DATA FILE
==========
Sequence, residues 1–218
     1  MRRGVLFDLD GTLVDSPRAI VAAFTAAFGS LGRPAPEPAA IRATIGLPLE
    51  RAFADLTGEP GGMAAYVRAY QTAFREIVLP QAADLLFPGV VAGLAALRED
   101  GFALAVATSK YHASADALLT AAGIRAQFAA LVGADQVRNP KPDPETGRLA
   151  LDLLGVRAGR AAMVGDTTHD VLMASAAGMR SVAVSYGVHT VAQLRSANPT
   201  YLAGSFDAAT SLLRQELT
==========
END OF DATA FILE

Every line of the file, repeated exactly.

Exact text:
Sequence, residues 1–218
     1  MRRGVLFDLD GTLVDSPRAI VAAFTAAFGS LGRPAPEPAA IRATIGLPLE
    51  RAFADLTGEP GGMAAYVRAY QTAFREIVLP QAADLLFPGV VAGLAALRED
   101  GFALAVATSK YHASADALLT AAGIRAQFAA LVGADQVRNP KPDPETGRLA
   151  LDLLGVRAGR AAMVGDTTHD VLMASAAGMR SVAVSYGVHT VAQLRSANPT
   201  YLAGSFDAAT SLLRQELT